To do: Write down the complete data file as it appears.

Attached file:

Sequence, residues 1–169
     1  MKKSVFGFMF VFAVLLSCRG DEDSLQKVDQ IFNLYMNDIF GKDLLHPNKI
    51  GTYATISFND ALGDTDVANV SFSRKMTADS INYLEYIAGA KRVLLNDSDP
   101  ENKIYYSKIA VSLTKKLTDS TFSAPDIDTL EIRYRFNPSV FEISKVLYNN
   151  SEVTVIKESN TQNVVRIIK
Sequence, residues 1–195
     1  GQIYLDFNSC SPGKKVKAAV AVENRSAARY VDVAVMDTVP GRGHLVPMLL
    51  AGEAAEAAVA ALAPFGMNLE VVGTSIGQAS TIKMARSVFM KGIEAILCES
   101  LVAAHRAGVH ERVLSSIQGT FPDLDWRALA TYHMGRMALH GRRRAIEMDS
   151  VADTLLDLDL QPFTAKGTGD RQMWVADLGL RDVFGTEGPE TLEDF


Sequence, residues 1–169
     1  MKKSVFGFMF VFAVLLSCRG DEDSLQKVDQ IFNLYMNDIF GKDLLHPNKI
    51  GTYATISFND ALGDTDVANV SFSRKMTADS INYLEYIAGA KRVLLNDSDP
   101  ENKIYYSKIA VSLTKKLTDS TFSAPDIDTL EIRYRFNPSV FEISKVLYNN
   151  SEVTVIKESN TQNVVRIIK
Sequence, residues 1–195
     1  GQIYLDFNSC SPGKKVKAAV AVENRSAARY VDVAVMDTVP GRGHLVPMLL
    51  AGEAAEAAVA ALAPFGMNLE VVGTSIGQAS TIKMARSVFM KGIEAILCES
   101  LVAAHRAGVH ERVLSSIQGT FPDLDWRALA TYHMGRMALH GRRRAIEMDS
   151  VADTLLDLDL QPFTAKGTGD RQMWVADLGL RDVFGTEGPE TLEDF